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Medical care in the developing world is being vastly improved with a new generation of ultra- low-cost medical technology—often invented at universities and accelerators in the US. Here’s how this leapfrog med tech could end up disrupting first-world healthcare systems.

Medical Innovation will flow in both directions


Popularized by Dartmouth professors Vijay Govindarajan and Chris Trimble, the concept of reverse innovation refers to products and methods adopted and perfected first in the developing world before they are spread to the industrialized world. Mobile banking and micro-finance were the first noted examples, but now there’s a deluge of innovations: biomass gasification power plants, small steam turbines, battery-powered home refrigerators, infotainment systems for motorbikes, etc. Doctors in Alabama running an AIDS clinic turned to Zambia to learn how to make sure patients attend follow-up appointments.


Clayton Christensen’s disruption theory describes how market leaders are knocked off their pedestals not by innovation at the high end, but from underneath. Entrants gain a foothold by delivering to low-end markets over-looked by incumbents. They are considered inferior by most of the market, but with constant improvement reach quality standards that serve the middle market.


In India, the average patient pays 65% of their costs out of pocket, on extremely limited resources. Hospitals there have learned to treat problems of the eyes, heart and kidneys, provide maternity care and orthopedic medicine, and treat cancer for less than 10% of US costs.


With premiums as low as $5 a year, microinsurance pulls rural communities into health networks, offering tele-medicine, catastrophic coverage for birthing complications and immunizations. Cellular service providers even offer free health microinsurance for customers who buy monthly minutes.

50-cent E-Consultations

Max Healthcare in India extends its hub- and-spoke network into 400 Punjab villages by setting up telemedicine kiosks at safe drinking water access hubs.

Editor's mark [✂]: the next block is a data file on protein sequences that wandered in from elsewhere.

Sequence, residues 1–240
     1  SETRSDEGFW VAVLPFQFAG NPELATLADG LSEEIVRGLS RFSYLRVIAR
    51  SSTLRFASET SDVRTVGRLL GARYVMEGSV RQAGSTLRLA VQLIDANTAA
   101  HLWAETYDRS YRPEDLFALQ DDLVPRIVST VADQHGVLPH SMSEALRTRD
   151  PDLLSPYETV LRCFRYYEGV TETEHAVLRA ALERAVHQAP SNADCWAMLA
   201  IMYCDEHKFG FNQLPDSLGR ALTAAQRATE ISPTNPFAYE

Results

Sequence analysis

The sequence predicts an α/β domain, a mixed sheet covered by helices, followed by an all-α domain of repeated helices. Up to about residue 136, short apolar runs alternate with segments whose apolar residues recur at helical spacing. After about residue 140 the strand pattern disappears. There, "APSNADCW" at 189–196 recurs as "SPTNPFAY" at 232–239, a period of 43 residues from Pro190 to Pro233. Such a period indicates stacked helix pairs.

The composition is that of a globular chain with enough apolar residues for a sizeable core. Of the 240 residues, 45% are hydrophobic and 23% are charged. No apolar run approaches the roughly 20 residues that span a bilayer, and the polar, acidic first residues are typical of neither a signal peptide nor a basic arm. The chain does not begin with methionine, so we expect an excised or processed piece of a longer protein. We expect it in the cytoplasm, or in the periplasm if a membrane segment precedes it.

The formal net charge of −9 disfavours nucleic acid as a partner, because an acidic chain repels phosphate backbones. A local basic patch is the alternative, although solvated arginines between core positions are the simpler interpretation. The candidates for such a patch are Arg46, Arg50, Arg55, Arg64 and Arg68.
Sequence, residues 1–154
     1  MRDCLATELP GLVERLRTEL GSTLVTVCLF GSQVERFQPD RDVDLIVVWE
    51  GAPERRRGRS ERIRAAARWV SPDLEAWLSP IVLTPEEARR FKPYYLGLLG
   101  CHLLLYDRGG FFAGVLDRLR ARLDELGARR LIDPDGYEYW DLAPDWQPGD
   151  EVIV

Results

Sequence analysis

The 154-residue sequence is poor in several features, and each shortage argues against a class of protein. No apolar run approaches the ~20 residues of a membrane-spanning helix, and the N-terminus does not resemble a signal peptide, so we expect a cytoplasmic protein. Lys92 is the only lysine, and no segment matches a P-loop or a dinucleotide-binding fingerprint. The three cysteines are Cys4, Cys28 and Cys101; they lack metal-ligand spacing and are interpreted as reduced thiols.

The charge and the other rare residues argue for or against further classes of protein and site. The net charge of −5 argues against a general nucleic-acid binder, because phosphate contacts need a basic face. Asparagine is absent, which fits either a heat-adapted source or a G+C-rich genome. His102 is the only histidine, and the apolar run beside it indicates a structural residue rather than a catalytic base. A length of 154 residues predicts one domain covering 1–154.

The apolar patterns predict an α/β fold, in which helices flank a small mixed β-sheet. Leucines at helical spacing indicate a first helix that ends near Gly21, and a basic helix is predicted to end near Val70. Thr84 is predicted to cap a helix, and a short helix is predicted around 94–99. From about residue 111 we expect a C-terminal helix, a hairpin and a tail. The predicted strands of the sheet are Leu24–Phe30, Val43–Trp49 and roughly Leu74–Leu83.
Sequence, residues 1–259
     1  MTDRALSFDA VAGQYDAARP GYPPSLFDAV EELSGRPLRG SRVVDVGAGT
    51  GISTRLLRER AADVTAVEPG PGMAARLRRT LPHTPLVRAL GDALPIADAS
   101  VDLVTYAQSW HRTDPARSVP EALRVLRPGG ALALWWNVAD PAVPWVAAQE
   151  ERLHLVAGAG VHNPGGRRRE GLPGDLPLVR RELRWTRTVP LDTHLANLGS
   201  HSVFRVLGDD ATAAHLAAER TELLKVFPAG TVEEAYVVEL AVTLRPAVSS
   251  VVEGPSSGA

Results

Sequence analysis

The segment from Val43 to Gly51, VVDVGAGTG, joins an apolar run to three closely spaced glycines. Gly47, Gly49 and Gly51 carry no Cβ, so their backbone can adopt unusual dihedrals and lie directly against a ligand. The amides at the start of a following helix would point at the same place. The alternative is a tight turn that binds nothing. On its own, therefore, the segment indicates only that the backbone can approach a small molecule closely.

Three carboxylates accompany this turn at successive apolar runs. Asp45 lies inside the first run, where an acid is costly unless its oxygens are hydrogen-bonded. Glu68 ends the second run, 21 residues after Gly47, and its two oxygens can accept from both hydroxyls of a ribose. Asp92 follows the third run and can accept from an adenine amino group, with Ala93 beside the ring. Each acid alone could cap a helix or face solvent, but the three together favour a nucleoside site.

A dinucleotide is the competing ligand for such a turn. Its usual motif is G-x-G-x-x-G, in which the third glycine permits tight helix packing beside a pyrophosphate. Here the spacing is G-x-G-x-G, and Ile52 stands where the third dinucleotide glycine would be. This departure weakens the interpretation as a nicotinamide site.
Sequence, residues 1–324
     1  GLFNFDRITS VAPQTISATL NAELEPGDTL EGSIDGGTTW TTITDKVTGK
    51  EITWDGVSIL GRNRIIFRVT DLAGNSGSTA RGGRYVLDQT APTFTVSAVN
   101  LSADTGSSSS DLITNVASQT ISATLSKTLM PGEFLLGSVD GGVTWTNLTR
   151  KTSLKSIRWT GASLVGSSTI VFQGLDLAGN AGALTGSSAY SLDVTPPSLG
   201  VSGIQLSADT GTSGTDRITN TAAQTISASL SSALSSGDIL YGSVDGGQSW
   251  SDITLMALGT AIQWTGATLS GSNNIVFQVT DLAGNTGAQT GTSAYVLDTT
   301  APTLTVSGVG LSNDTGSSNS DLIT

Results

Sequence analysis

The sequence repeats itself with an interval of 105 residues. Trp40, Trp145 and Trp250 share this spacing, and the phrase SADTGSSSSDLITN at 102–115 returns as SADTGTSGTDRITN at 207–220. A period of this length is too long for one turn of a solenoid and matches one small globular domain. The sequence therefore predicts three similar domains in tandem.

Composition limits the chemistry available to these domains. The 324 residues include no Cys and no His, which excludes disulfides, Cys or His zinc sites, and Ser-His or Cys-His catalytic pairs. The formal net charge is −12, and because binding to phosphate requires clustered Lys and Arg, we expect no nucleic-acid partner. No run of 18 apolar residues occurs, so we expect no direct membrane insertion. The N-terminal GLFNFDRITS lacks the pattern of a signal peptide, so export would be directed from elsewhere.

$1,500 Cardiac Bypass Surgery

Cost in US: $144,000 Cost in India: $1,500*

How they do it:

  • High-volume specialization allows a grafting surgeon to operate on 5–6 patients per hour. Chest opening, vein harvesting and suturing are performed by junior doctors.
  • Sterilization and reuse of surgical tools
  • Manufacturing of stents for 1/10th the cost

*Mortality and infection rates are comparable to good American hospitals.

$41 Cataract Surgery

Aravind Eye Care, inspired by McDonald’s high-volume service, has performed 4 million operations. Paying patients, who are charged $41 to $125 depending on the surgery, subsidize free surgery for the poor. All surgeons rotate between paying and free wards. Intraocular lenses are manufactured for only $2.


In a decade, the booming Asian middle class will be 6x the size of the American middle class. While the wealthy will buy Western medical care, the new middle class will get its medical care through systems imported from the developing world, including microinsurance, e-consultation services, assembly-line surgery and birthing care.

Life science is easier to model on a computer than in wet form. The more medicine gets digitized and becomes an information product, the more it will follow Moore’s law.

Steve Jurvetson

venture capitalist


The lifespan gap in the US between the rich and the poor has doubled since the 1970s—not due to quality of care, but to care accessibility. Rewarded by new value-based pricing, community health centers will look abroad for wisdom and methods. In New York State, Medicaid is migrating to value-based care by 2020. The Greater Buffalo United Accountable Healthcare Network is running an 8,000-patient pilot program through a network of community-based private practices. Community health workers call and visit chronic-care patients in their homes. Adopting the customer-service methodologies of retail, a new holistic clinic offers a gym and nutrition kitchen on the first floor, primary care on the second floor and specialists on the third floor.


Medical tourism started with patients coming to America to get the best treatment. In the last decade, far more patients have been going the other direction, for everything from heart valve replacements to fertility treatments to addiction recovery. More than 1 million Americans a year cross borders for treatment. These patients return as de facto ambassadors testifying to the quality of low-cost care.

trickle up innovation savings chart

Health City Cayman Islands, founded by renowned Bangalore heart surgeon Devi Shetty, offers heart surgery, hip replacement and neurosurgery for 40% of US prices, just a two-hour flight from the Atlantic coast.


Isolated from the rest of the world, Cuba invested heavily in biotechnology and public health, developing the capacity to cheaply produce 70% of their pharmaceuticals. 30,000 Cuban medical staff are working in over 60 countries around the world. High rates of lung cancer led to the invention of CIMAvax, a vaccine used for both prevention and post-radiation maintenance. The Roswell Park Cancer Institute is bringing CIMAvax to the American market.

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